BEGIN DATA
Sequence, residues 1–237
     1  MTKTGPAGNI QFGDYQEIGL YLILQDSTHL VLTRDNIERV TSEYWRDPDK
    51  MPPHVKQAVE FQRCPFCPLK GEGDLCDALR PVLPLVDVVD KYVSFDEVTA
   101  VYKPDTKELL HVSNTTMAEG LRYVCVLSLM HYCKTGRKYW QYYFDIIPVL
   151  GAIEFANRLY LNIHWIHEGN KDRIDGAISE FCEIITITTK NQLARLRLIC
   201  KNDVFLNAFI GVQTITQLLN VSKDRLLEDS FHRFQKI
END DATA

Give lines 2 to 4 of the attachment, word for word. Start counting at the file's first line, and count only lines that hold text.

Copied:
     1  MTKTGPAGNI QFGDYQEIGL YLILQDSTHL VLTRDNIERV TSEYWRDPDK
    51  MPPHVKQAVE FQRCPFCPLK GEGDLCDALR PVLPLVDVVD KYVSFDEVTA
   101  VYKPDTKELL HVSNTTMAEG LRYVCVLSLM HYCKTGRKYW QYYFDIIPVL